Linux Foundation’s OpenChain project welcomes Google, Facebook and Uber

The Linux Foundation’s OpenChain project helps companies find ways to comply with open-source licensing requirements. Today at the Open Compliance Summit in Yokohama, Japan, it announced Google, Facebook and Uber have joined the project as platinum members.

As platinum members, the three companies become part of the governing board. Shane Coughlan, OpenChain general manager, says as the project has matured, this a logical point for three large technology companies to come on board.

“Facebook, Google and Uber are perfect new additions for this point, as we move towards becoming a formal industry standard and scaling very significantly across multiple markets. In particular, we are making sure that we can clearly communicate the advantages of OpenChain, and we can clearly show that diversity and the knowledge of our board, as well,” Coughlan told TechCrunch.

As companies that use significant amounts of open-source code, having these three organizations in particular really raises the profile of the project. “Facebook, Google and Uber are really interesting because they are in strong competition with each other and are coalescing around a single solution. And I think that’s probably one of the most important messages today. Companies which are intense rivals in many markets all see one single coherent approach to open source compliance in the supply chain and are putting their weight behind it,” he said.

Google has been building its own compliance processes for years, and it sees this project, which launched in 2016, as a way to help standardize open-source governance. “The OpenChain Project is changing that by defining the core requirements of a quality compliance program and developing curriculum to help with training and management. It’s hard to overstate the importance of this work now that open source is a critical input at every step in the supply chain, both in hardware and software,” Google’s Max Sills and Josh Simmons wrote in a blog post on the company joining OpenChain.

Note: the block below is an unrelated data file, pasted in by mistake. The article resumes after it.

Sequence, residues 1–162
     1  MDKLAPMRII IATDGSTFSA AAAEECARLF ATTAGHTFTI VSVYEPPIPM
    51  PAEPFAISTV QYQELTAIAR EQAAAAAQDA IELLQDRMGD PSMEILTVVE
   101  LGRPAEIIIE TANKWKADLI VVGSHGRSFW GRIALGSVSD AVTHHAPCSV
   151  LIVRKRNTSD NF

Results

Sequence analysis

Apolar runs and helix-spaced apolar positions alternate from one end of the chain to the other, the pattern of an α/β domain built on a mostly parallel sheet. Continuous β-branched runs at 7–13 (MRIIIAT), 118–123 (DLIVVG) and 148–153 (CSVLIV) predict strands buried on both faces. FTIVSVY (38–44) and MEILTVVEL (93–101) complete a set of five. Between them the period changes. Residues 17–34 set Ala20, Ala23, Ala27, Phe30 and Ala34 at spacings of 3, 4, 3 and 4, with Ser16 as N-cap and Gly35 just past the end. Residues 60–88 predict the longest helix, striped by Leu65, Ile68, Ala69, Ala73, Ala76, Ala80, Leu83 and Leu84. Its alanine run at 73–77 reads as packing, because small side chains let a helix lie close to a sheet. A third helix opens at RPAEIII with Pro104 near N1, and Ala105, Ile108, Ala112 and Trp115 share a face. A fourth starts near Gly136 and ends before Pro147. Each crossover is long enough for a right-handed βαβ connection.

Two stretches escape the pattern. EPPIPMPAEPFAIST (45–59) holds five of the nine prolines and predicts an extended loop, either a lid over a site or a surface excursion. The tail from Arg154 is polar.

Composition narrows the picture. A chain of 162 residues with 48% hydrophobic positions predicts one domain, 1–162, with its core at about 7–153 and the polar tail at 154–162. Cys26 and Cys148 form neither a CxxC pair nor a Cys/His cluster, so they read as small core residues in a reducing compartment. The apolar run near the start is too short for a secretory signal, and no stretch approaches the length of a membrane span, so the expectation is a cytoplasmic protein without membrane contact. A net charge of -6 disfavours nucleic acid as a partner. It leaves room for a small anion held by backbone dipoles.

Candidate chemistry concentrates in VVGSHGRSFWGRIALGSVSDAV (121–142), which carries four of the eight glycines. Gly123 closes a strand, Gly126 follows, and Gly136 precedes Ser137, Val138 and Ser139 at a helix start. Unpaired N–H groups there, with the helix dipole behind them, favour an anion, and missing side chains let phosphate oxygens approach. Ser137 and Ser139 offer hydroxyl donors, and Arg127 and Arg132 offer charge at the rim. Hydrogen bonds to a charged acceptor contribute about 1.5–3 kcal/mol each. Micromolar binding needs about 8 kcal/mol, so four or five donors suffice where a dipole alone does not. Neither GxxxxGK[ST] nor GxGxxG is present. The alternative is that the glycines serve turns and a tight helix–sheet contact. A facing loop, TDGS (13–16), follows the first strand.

While OpenChain works toward a standard way of helping companies comply with open-source licensing requirements, regardless whether it’s a tech company or any other industry, the project is about helping companies, rather than prescribing a particular way to comply. They look for best efforts and let members deal with the specifics of how they do it.

As applications make use of open-source libraries, it’s up to the developers and their companies to make sure they use the code as defined in whichever license the project uses. The Linux Foundation, which is an umbrella organization for many popular open-source projects, created the OpenChain project as a way to encourage developers to comply with these requirements.